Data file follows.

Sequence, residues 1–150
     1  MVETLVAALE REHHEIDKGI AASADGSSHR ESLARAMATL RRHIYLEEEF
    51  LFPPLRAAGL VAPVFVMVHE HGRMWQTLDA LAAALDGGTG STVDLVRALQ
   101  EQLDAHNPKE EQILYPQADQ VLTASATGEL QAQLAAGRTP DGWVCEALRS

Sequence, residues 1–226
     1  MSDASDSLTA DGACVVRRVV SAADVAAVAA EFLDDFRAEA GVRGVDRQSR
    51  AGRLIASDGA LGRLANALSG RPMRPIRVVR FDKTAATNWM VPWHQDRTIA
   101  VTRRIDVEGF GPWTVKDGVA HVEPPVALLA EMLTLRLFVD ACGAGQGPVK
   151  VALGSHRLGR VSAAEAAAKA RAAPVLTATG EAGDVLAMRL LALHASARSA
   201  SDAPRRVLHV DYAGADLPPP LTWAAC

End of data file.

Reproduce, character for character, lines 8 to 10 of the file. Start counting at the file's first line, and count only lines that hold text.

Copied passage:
   101  VTRRIDVEGF GPWTVKDGVA HVEPPVALLA EMLTLRLFVD ACGAGQGPVK
   151  VALGSHRLGR VSAAEAAAKA RAAPVLTATG EAGDVLAMRL LALHASARSA
   201  SDAPRRVLHV DYAGADLPPP LTWAAC